The SAFE Act would also protect consumers from dangerous American horse meat, which can be toxic to humans due to the unregulated administration of drugs to horses. Because horses are not raised for food, they are routinely given hundreds of toxic drugs and chemical treatments over their lifetimes that are prohibited by the U.S. Food and Drug Administration for use in animals intended for human consumption. Those drugs, although safe for horses, are potentially toxic to humans if consumed. In December 2014, the European Union (EU) announced its suspension of imports of horse meat from Mexico after a scathing audit of EU-certified Mexican horse slaughter plants, which kill tens of thousands of American horses each year. Additionally, the discovery of horse meat in beef products in Europe shocked consumers and raised concerns about the potential impact on American food industries.

The ASPCA, AWI, and The HSUS encourage the public to contact their U.S. representatives and urge them to cosponsor the SAFE Act, H.R. 1942, in order to protect America’s horses and overall consumer health from horse slaughter.

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Build-A-Bear (NYSE: BBW), an interactive entertainment retailer of customized stuffed animals, has launched its newest product line —Promise Pets™ — the company’s most realistic pet plush collection to date. The Promise Pets line features a complementary mobile app families can download to bring the experience of pet care to life, teaching children about animal care through an interactive play experience.

promise-pets

Breeds in the collection include the Golden Retriever, Beagle, Yorkshire Terrier and Persian Kitten. Build-A-Bear plans to introduce more breeds throughout the year.

“In line with our strategic product expansion initiative to create play beyond the plush, our Promise Pets interactive app provides a platform to teach children the importance of animal welfare and responsibility for their care,” said Gina Collins, chief marketing officer, Build-A-Bear. “Furthermore, our partnership with Petfinder is a testament to Build-A-Bear’s heritage of supporting animals in domestic pet adoption programs, and underlines our commitment to add a little more heart to life with unique philanthropic collaborations.”

Promise Pets Mobile App
The Promise Pets mobile app offers children a realistic pet play experience while teaching them about the responsibility of pet ownership. App users will start as ‘Pet Care Rookies’ and work their way up through five levels of certification to earn the ultimate ‘Pet Care Pro’ status. Through fun, engaging games, users will be able to collect Paw Points, earn certificates, and give their pet all the affection and care he or she deserves.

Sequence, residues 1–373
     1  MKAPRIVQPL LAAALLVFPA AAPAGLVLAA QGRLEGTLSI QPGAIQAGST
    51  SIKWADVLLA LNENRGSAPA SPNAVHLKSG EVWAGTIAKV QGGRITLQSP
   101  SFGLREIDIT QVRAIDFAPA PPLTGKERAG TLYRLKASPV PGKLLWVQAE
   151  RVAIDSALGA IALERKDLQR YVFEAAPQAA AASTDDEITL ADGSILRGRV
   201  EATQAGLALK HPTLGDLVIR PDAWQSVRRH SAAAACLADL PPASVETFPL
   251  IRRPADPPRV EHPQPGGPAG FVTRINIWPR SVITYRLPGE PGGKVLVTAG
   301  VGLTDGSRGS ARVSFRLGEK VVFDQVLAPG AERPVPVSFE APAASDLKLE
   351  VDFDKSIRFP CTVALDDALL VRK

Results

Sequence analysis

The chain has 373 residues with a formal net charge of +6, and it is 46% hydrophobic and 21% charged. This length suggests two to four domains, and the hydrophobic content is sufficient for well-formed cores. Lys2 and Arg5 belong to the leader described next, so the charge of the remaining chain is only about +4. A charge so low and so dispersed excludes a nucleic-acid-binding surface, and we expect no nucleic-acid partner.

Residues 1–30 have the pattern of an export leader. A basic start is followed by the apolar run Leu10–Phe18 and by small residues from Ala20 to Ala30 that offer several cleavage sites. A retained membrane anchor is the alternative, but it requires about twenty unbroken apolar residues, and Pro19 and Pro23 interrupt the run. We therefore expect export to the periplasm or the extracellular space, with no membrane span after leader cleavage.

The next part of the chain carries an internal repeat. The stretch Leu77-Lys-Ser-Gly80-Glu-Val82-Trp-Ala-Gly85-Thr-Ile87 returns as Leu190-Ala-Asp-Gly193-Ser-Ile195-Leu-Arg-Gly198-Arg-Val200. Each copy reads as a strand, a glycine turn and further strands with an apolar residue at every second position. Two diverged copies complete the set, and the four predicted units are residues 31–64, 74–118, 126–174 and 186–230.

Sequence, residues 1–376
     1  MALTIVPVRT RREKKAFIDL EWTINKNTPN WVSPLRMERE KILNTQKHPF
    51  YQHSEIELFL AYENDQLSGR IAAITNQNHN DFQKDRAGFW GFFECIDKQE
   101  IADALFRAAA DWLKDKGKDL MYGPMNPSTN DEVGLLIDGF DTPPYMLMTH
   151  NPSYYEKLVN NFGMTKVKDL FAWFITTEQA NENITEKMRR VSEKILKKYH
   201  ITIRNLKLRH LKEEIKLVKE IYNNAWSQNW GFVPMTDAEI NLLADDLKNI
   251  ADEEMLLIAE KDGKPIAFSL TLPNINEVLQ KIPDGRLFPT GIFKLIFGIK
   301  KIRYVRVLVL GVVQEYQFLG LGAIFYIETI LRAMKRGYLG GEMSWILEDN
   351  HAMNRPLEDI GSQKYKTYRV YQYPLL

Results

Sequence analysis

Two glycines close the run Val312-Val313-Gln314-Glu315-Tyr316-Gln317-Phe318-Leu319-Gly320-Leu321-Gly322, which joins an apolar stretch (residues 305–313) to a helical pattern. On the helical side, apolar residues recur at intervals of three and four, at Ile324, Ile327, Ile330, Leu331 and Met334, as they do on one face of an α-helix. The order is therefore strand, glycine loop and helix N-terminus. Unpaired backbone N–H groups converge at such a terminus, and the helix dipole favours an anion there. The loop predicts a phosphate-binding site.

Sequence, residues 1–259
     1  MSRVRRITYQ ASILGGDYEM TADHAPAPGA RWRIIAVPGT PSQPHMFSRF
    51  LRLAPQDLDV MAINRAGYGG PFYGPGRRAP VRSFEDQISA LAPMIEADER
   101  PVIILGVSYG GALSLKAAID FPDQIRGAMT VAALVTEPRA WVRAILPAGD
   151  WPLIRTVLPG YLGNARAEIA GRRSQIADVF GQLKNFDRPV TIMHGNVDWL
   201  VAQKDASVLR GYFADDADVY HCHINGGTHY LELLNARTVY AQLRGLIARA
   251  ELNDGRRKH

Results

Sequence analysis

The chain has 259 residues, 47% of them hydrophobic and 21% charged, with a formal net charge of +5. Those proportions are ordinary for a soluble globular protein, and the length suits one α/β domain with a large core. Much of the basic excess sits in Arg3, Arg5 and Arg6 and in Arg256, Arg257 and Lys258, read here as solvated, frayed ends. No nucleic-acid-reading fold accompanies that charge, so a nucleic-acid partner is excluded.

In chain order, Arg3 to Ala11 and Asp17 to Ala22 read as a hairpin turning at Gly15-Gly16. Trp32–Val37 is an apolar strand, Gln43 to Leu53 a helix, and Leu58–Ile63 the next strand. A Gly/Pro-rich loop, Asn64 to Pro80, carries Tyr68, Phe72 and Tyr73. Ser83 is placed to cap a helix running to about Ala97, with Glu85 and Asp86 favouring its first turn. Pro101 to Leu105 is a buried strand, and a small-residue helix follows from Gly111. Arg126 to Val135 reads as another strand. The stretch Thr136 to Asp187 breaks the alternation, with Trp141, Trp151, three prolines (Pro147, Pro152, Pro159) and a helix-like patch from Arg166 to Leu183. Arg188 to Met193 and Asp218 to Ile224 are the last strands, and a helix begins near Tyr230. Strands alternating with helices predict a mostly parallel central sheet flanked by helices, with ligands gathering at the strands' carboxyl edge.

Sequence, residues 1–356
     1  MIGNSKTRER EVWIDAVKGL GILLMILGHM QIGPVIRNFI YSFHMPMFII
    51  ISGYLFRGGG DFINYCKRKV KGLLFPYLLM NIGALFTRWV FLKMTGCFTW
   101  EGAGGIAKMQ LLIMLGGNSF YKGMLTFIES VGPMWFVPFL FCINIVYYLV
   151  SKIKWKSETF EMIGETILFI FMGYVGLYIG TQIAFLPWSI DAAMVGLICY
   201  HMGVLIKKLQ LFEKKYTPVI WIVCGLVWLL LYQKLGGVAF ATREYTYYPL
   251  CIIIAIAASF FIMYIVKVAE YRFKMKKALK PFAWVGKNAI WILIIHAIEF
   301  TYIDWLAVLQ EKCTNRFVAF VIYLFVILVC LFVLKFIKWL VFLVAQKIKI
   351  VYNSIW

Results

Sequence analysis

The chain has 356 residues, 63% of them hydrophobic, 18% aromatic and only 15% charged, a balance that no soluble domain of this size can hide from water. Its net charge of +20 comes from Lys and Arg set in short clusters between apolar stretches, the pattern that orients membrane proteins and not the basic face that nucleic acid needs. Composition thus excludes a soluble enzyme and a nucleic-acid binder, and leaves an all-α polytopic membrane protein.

The Promise Pets app will deliver helpful guidance such as:

  • Feeding: Every pet has different feeding needs, but it is important with any pet to feed it on a schedule, use portion control, provide plenty of water, and provide snacks and treats. Remember, treats should only be used as rewards.
  • Potty Training: When it comes to potty training your pet, starting as soon as you bring your pet home will help ensure success. Always remember housetraining a dog, cat, or other pet requires a routine and lots of practice.
  • Vet Checkups: Taking your pet to routine vet checkups is important to help your vet keep a record of your pet’s normal health and behavior, and catch signs of illness as early as possible.
  • Exercise: Doing daily activities with your pets, such as walking or playing with toys that test their curiosity, can help maintain their physical and mental health.
  • Grooming: It’s important to keep your pet well-groomed, which for many animals involves regularly bathing, checking for fleas and brushing.

Users can download the Promise Pets app in the iTunes App Store or the Google Play Store.

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On March 4, Reps. Katherine Clark (D-Mass.) and Ileana Ros-Lehtinen (R-Fla.) introduced the Pet and Women Safety (PAWS) Act of 2015 (H.R. 1258), which is a bipartisan bill aimed at helping victims of domestic violence or stalking.

Domestic violence is abhorrent, but what is even more heartbreaking is that many victims delay seeking safe refuge out of concern for what may happen to their pets. Pets are often the voiceless victims of domestic violence abuse or stalking, where abusers target a beloved pet as an attempt to control and terrorize their human victims. Sometimes the pets are brutally harmed or even die as a result of their abusers’ assaults.

paws-act

Human victims often face the difficult decision of leaving the situation without their pets for their own safety or staying put to ensure that their animal companions get the veterinary care they need should they be harmed. Many survivors have reported delaying leaving an abusive situation out of concern for their pets. Due to the fact a very small percentage of domestic violence shelters nationwide can accommodate pets, sometimes victims are forced to surrender their pets since they are unable to evacuate them, which can deepen the pain and suffering they may already be experiencing.

H.R. 1258 will expand federal law to include protections for pets of domestic violence victims and establish a federal grant program that will help ensure that victims have access to safe shelters for their pets. Specifically, the bill aims to assist both female and male victims with pets by:

  • making threats to a pet a stalking-related crime;
  • providing grant funding to increase the availability of housing for victims that accommodates pets;